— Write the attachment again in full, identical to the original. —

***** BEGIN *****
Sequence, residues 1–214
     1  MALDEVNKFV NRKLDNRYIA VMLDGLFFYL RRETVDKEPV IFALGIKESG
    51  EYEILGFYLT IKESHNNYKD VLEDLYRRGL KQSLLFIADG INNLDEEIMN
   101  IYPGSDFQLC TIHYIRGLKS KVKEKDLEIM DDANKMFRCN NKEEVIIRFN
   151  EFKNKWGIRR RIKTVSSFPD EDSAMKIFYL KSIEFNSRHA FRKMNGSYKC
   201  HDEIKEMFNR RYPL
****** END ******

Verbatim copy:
Sequence, residues 1–214
     1  MALDEVNKFV NRKLDNRYIA VMLDGLFFYL RRETVDKEPV IFALGIKESG
    51  EYEILGFYLT IKESHNNYKD VLEDLYRRGL KQSLLFIADG INNLDEEIMN
   101  IYPGSDFQLC TIHYIRGLKS KVKEKDLEIM DDANKMFRCN NKEEVIIRFN
   151  EFKNKWGIRR RIKTVSSFPD EDSAMKIFYL KSIEFNSRHA FRKMNGSYKC
   201  HDEIKEMFNR RYPL